FHWA recently issued a guide on designing separated bike lanes, providing another tool in the complete streets toolbox for designing context-sensitive facilities that provide safe, comfortable, and connected networks of bicycle infrastructure that meet the needs of people of all ages and abilities. The Separated Bike Lane Planning and Design Guide has been added to BikeWalkLee's "Favorite Links" section of our blog.
FHWA introduces Separated Bike Lane Planning and Design Guide
Today -- during National Bike Month -- I am excited to announce the Federal Highway Administration’s (FHWA) new Separated Bike Lane Planning and Design Guide.
What exactly is a “separated bike lane” (sometimes referred to as a “cycle track” or “protected bike lane”)? In simple terms, it’s a portion of a roadway for bicyclists that is physically separated from motor vehicle traffic.
These lanes are an important tool communities across the U.S. can use to build safe, comfortable, and connected networks of bicycle infrastructure that meet the needs of people of all ages and abilities.
FHWA’s guide outlines planning considerations and design options for this innovative bicycle facility. It provides information on one and two-way facilities, outlines different options for providing separation, and highlights midblock design considerations including driveways, transit stops, accessibility, and loading zones. Intersection design is also taken into consideration, including the related operations, signalization, signage, and on-road marking concerns.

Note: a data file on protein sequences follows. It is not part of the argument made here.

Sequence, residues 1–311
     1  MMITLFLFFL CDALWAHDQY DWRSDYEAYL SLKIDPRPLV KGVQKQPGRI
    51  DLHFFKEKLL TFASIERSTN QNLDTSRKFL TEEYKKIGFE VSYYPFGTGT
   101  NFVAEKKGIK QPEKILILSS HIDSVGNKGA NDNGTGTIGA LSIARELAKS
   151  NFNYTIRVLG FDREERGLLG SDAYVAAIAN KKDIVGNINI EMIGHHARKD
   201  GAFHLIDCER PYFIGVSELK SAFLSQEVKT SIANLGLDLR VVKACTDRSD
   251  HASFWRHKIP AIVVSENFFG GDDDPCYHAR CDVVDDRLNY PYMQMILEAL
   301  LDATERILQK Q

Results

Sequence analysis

Best of all, with the Separated Bike Lane Planning and Design Guide, we’re providing communities with case studies highlighting notable practices and lessons learned across the country.
The Guide builds on our current policy to provide pedestrian and bicycle accommodations and on our support for design flexibility. It will inform U.S.DOT’s ongoing Safer People, Safer Streets initiative as well as our efforts to improve access to opportunity for everyone.
Connected and comfortable infrastructure that makes bicycling a viable transportation choice for more people is one strategy to meet the challenges outlined in our Beyond Traffic report. We invite you to take a look at the Separated Bike Lane Planning and Design Guide and use it a resource to improve conditions for folks bicycling in your community.
Also see Streetsblog USA May, 19,2015: New Federal Guide Will Show More Cities the Way on Protected BikeLanes